Unfortunately, in many African families, girls traditionally have relatively less or limited access to educational opportunities. Boys receive preferential opportunities. This project helps address this imbalance by providing scholarships to girls who are at risk of dropping out of school. It also provides computer training to ensure they are computer proficient and ready for today's computer-driven society. The girls receive guidance to help them stay on track with their educational goals.
Poverty prevents many African families from sending their girls to school. According to UNICEF statistics, among youths 15-24 years old in Sierra Leone, the literacy rate for males is 70.5% and that of girls is 52.1%. Early marriage also hinders girls from pursuing an education and gaining self-sufficiency/independence. A preference for boys' education remains dominant in many community circles - with boys getting priority access to limited opportunities. This places girls at a disadvantage.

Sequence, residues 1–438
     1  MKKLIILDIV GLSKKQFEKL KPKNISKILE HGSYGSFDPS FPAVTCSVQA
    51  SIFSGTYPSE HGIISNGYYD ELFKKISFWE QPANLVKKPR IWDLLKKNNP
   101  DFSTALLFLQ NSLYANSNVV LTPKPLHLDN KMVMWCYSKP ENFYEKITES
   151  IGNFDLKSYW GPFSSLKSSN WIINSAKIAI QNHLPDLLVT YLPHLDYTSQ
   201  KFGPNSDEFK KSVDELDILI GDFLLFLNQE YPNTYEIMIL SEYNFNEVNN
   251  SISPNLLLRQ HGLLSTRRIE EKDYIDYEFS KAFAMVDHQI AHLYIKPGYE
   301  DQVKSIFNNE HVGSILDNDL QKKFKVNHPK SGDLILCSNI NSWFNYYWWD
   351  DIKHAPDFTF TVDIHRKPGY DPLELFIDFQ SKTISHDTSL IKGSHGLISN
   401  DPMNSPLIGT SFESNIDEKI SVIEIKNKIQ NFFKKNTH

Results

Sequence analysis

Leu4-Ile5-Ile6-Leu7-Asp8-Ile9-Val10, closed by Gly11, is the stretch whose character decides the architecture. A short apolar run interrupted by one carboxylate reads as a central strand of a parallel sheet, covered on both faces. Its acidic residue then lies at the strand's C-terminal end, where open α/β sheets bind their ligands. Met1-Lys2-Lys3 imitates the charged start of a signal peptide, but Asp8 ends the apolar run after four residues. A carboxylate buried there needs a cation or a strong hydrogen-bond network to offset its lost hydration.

This project focuses on enhancing the educational progress and development of girls. Girls are encouraged to continue their education. Financial support is provided to make this a reality. This support is closing the gender gap so more girls are able to stay in school and graduate. Targeted training is provided to ensure that the girls have the life skills and mindset needed for success and continual progress. And, vocational and business opportunities ensure progress towards self-sufficiency.
This project is helping girls to break out of the vicious cycle that entraps unskilled and resource-poor girls. At-risk girls are maturing into well-educated, emancipated, gainfully employed and self-sufficient women. These empowered women are the pillars of their families, communities and the nation. When the mother of the home is educated, the health, well-being, and success of the entire family are propelled forward and transformed. Educated girls educate the entire nation.